Once a lateral associate has joined a firm, it is important to clearly communicate the expectations for that lateral associate. Of course, the expectation that the lateral associate does stellar work goes without saying. Beyond that, though, there are other expectations that are equally important but not always articulated, often driven by the firm’s values and culture. Perhaps the firm expects associates to be active in a certain number of professional organizations, or to do pro bono work for a local charitable organization. Whatever the expectation is, the only way for a lateral to truly understand what is expected of them is for this information to be clearly communicated. The sooner this is communicated to the lateral, the sooner the lateral can begin to get a handle on the firm’s culture — and begin to achieve and exceed the expectations.
Another great way to help a lateral fit into the firm’s culture is to create beneficial partnerships for the lateral associate. A lateral will certainly benefit from the expertise and advice a more senior or home-grown associate can offer. For that reason, it may be helpful to pair a lateral associate with a more senior or home-grown associate for his or her first few assignments, so the lateral is able to learn the firm’s approach and way of handling cases. Similarly, involving a lateral associate with firm committees and special projects will not only give him or her more insight into the firm’s culture and operations, but will also foster a sense of team importance.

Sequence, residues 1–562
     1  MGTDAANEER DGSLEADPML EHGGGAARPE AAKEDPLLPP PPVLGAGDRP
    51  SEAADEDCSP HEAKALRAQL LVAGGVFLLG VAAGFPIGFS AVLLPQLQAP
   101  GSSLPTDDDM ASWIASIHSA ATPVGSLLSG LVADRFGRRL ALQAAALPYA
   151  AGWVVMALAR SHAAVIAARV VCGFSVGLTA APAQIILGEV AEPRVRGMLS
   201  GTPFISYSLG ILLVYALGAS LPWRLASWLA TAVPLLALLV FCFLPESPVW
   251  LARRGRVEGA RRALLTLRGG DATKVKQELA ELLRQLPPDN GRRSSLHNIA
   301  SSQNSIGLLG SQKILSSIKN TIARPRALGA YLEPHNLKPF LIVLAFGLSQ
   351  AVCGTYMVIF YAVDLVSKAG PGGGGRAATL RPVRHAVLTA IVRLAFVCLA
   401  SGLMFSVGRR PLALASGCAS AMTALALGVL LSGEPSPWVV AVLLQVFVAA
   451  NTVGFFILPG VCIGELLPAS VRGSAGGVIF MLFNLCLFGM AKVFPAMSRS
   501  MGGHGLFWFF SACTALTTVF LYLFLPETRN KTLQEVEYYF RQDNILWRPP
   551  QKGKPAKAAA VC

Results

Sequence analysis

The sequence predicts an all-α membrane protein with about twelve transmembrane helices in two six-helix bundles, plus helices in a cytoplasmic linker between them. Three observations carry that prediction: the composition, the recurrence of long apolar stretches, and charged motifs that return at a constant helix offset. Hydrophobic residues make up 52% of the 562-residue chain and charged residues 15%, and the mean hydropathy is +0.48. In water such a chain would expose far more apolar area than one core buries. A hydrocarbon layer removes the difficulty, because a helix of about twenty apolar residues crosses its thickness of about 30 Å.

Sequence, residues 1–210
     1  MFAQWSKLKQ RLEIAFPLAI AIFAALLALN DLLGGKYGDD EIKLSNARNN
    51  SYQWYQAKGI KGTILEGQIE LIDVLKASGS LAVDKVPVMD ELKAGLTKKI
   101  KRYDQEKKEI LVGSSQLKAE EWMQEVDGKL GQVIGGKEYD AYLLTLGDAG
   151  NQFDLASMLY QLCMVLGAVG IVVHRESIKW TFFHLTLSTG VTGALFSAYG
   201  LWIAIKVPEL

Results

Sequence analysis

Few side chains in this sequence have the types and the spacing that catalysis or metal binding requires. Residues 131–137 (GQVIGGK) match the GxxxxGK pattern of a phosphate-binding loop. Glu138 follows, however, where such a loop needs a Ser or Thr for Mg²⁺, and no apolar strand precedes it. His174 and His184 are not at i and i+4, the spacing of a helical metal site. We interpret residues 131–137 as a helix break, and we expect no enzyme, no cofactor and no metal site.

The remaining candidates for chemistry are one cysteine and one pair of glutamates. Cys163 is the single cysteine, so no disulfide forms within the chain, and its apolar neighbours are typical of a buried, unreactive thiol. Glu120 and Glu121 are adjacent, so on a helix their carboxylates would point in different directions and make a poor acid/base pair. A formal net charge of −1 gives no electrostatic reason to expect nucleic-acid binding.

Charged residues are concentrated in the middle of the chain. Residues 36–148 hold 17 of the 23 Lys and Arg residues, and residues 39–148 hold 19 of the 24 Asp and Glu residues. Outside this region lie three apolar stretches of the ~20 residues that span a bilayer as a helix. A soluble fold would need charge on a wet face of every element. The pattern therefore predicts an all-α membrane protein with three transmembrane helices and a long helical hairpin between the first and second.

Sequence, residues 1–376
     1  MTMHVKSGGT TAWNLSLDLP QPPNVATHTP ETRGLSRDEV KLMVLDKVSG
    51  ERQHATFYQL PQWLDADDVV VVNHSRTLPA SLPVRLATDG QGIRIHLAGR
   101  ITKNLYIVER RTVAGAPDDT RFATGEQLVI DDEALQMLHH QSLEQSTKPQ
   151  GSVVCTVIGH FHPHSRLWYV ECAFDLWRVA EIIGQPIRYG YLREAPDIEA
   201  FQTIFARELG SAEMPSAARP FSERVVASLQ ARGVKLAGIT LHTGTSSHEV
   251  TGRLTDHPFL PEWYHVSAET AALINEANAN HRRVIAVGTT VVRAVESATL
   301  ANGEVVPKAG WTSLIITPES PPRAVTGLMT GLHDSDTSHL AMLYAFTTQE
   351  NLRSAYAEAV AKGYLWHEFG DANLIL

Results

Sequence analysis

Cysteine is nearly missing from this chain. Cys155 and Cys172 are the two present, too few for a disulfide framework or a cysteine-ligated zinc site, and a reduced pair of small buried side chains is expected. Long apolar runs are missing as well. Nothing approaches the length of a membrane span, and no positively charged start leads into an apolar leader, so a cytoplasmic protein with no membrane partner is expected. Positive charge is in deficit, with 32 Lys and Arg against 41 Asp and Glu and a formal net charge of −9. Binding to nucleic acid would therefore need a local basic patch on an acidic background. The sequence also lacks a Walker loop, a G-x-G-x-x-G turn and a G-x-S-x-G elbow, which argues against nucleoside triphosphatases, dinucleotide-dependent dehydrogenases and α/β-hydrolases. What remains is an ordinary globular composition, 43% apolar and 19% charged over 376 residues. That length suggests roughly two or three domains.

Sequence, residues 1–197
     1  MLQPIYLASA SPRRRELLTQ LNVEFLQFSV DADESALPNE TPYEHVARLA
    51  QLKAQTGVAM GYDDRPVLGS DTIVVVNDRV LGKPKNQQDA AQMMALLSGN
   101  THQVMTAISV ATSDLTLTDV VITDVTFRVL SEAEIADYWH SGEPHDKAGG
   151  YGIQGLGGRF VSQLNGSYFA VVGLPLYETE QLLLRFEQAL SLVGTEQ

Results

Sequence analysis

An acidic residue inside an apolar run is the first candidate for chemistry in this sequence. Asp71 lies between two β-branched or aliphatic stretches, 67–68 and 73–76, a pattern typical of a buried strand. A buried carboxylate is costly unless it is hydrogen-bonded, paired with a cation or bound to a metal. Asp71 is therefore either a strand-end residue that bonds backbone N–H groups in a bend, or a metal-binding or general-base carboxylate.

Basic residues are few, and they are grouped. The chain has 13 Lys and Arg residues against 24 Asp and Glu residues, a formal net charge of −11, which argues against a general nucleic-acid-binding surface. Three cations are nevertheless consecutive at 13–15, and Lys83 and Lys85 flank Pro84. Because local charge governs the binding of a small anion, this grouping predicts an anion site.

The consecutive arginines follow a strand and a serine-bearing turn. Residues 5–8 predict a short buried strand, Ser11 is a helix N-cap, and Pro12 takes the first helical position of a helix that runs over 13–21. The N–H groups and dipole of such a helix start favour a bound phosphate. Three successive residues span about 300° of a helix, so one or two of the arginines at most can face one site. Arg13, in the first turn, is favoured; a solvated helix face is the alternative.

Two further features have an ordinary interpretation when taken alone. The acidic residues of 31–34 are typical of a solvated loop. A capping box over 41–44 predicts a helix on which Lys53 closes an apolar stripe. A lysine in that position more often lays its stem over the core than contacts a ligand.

Lastly, at least in the first year or so of the lateral’s employment, it is important to provide to and receive from the lateral regular feedback. Given the challenges a lateral associate faces trying to discern and adapt to a new firm’s culture, the normal annual or bi-annual review simply may not be enough to ensure a seamless transition. There is a benefit to regularly checking in with a lateral associate, even if on a more informal basis. This gives partners and senior attorneys the opportunity to give feedback to lateral associates, not only on their performance, but also regarding their adaptation to the firm’s culture. Conversely, lateral associates are given the opportunity to discuss any challenges or concerns they have run into in trying to integrate into the firm. This feedback will not only prove useful in correcting any issues that have arisen thus far, but in preventing similar issues from arising when other laterals attempt to integrate into the firm’s culture.
While, in fairness, existing associates may not bear much formal responsibility in helping a lateral associate adapt to the firm’s culture, there are unquestionably ways in which associates can aid in the transition. Whether a home-grown associate or former lateral transplant themselves, associates can remember the challenges they faced joining the firm and attempting to navigate a culture with which they were once unfamiliar.